Holiday feasts: A time for families to talk about reducing food waste

The average family of four discards $2,000 worth of food annually while 1 in 4 Americans struggles to buy groceries. Parents and their children can become a part of the solution by making slight changes of habit and reducing food waste.

Ken Stevens/The Muskegon Chronicle/AP
Teaching kids healthy food habits is what inspired the Mia & Grace restaurant lunch program. Here, restaurateur Jamie Paquin in Muskegon, Mich., makes healthy lunches for teachers and students of Winter Sun Schoolhouse attending Reeths-Puffer's Pennsylvania Elementary School, Sept. 24, 2012.

Families are finalizing plans for December holiday celebrations, even as kids are scraping the very bottom of their Halloween candy buckets and last month’s Thanksgiving turkey has roosted on parents’ backsides. And this is only the beginning.

The month of December is often a blur of latke platters, Christmas cookies, and endless feasting. While many families stuff themselves until they cannot eat another bite, others struggle to put food on the table.

While the disparities of those with excess and those in need becomes more pronounced during the holidays, the problems of hunger and waste are systemic and persist throughout the year.

On average, American families throw away a quarter of the food they purchase, 50 percent more than their 1970’s counterparts. For a family of four, that can mean that $2,000 worth of food ends up in the trash every year.

According to a recent study from the Natural Resource Defense Council (NRDC) , 40 percent of food produced in America never makes it to the table. At the same time, 47 million Americans depend on government assistance to put food on the table, according to August data from the U.S. Department of Agriculture.

As the NRDC report points out, agriculture and food production are resource-intensive enterprises, taking up half of all US land, accounting for 80 percent of the nation’s freshwater consumption, and representing 10 percent of the country’s entire energy budget.

Food lost at the consumer level represents an even greater waste of energy resources because it has been through all the links of the food chain from field, to processing facility, to truck, to store, to family minivan, burning through fossil fuels at every step of the way.

Families interested in reducing their waste stream can examine their shopping, cooking, and eating habits. Some families purchase more than they can eat and it spoils before cooking. Others pile too much food on their plates and scrape leftovers down the garbage disposal. Most families likely fall into both categories.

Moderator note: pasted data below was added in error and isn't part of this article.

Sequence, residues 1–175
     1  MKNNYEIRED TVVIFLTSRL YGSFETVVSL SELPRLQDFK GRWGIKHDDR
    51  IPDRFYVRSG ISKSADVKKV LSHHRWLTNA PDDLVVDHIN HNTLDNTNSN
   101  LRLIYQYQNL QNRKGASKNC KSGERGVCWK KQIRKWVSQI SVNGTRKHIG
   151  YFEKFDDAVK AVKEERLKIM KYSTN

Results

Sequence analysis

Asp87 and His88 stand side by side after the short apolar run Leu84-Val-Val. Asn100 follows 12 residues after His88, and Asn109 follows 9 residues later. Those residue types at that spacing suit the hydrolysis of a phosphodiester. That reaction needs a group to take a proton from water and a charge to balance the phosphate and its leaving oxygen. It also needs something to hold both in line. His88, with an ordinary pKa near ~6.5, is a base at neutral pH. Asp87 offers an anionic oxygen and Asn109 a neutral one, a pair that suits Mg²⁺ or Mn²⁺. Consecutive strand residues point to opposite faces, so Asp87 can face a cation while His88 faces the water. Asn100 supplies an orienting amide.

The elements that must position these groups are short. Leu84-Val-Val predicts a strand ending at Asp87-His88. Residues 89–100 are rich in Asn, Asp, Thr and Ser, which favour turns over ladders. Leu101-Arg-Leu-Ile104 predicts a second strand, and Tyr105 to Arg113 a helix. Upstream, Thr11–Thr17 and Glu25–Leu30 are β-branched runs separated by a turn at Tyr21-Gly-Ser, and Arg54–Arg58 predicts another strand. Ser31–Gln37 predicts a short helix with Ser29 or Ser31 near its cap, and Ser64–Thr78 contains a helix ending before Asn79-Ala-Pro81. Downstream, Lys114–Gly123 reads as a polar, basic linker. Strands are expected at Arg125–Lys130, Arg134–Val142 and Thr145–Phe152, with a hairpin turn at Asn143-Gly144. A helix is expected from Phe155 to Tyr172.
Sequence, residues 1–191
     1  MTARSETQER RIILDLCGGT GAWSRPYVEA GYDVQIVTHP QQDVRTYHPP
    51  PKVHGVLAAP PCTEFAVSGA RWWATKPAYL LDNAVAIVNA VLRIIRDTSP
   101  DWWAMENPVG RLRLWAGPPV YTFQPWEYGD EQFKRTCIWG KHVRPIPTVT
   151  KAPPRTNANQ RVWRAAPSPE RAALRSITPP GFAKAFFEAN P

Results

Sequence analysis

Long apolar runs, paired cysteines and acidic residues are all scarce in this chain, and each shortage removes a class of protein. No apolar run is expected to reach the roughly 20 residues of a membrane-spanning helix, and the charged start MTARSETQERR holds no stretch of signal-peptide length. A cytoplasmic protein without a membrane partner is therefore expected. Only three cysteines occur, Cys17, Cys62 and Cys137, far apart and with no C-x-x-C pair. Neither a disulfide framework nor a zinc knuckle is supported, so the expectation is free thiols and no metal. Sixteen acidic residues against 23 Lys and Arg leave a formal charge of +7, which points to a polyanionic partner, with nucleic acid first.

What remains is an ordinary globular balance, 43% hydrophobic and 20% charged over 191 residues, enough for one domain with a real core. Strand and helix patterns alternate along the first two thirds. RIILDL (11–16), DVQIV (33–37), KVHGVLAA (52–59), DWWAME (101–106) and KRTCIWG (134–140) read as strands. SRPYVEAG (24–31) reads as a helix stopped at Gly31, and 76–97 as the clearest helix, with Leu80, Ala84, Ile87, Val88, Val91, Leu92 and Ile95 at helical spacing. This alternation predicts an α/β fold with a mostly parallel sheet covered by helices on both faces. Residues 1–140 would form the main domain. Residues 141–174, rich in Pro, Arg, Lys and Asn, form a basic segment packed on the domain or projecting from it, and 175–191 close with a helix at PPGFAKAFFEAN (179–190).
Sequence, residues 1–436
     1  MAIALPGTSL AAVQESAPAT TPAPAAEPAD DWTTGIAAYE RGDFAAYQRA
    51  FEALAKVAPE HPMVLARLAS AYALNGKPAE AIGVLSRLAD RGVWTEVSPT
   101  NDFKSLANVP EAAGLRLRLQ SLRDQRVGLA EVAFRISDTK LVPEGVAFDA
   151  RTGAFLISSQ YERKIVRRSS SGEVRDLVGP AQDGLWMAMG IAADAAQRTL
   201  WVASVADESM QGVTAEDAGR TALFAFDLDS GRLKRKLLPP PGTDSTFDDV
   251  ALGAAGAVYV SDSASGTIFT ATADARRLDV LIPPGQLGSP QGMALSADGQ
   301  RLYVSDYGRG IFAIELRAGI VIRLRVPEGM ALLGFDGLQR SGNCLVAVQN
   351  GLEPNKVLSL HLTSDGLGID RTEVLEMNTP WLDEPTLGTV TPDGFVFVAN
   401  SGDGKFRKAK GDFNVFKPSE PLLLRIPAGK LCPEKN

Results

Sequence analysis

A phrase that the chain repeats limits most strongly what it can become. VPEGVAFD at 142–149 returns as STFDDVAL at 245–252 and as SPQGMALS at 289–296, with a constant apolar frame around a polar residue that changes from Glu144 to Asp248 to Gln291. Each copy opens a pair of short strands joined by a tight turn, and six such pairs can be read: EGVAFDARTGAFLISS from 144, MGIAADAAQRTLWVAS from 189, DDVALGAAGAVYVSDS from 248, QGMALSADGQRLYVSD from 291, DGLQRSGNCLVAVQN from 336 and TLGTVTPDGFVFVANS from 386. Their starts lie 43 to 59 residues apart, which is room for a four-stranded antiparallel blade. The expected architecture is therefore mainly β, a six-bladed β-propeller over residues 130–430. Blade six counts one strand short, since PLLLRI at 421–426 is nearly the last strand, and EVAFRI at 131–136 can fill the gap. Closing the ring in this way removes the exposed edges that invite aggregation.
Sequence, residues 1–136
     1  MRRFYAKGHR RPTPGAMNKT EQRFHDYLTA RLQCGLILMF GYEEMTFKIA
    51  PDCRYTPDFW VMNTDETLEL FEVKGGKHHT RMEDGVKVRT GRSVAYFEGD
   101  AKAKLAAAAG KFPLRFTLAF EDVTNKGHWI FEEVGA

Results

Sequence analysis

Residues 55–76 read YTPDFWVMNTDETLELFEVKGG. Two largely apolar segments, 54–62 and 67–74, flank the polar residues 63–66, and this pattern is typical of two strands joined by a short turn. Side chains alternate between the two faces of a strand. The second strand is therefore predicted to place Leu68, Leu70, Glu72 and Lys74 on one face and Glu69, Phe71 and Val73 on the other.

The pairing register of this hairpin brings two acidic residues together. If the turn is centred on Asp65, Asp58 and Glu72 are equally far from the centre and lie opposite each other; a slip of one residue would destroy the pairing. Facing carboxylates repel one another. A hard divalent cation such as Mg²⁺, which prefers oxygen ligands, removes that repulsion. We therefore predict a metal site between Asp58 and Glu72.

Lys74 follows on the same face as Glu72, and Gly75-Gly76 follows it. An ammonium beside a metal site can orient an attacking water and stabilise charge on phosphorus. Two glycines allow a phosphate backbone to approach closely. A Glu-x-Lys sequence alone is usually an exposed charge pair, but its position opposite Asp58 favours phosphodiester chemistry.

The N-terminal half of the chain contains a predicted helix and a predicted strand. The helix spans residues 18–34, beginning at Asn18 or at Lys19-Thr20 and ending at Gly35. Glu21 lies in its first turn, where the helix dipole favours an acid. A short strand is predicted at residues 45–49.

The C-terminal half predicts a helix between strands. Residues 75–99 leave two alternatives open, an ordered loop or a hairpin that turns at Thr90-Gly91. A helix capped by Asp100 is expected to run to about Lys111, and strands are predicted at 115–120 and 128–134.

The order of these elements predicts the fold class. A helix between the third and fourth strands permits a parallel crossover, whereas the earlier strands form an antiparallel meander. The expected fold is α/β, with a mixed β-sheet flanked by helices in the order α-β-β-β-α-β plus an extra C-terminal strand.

Once families start to pay attention when they waste food, they can make small changes in their habits that can lead to less waste in the trashcan and more money in the bank.

Getting kids on board, however, can take some careful planning.

With produce racks overflowing with food, and grocery aisles filled with disposable versions of pretty much all household goods, it can be difficult for kids to comprehend the value of food.

By starting a discussion about waste, parents can help to place value on food and start to provide some context for understanding hunger.

Many parents remember staying behind at their childhood dinner table until they had cleaned their plates because, “there are children starving in China that would be glad to eat that food.”

Today, parents are more likely to encourage children to listen to their bodies and avoid overeating. That’s an important message, especially in the midst of the current obesity epidemic. However, on its own, it can inadvertently promote food waste.

Parents can encourage children to start with smaller servings and assure them that if they want more they can come back for more. Some parents may find it useful to resurrect the clean plate rule, but with the message that kids should eat what they take, rather than eat everything parents serve up.

Taking the kids to hand out bowls at a soup kitchen or deliver food to a food pantry can help give the idea of hunger some context.

The Christian Science Monitor has assembled a diverse group of the best family and parenting bloggers out there. Our contributing and guest bloggers are not employed or directed by the Monitor, and the views expressed are the bloggers' own, as is responsibility for the content of their blogs.

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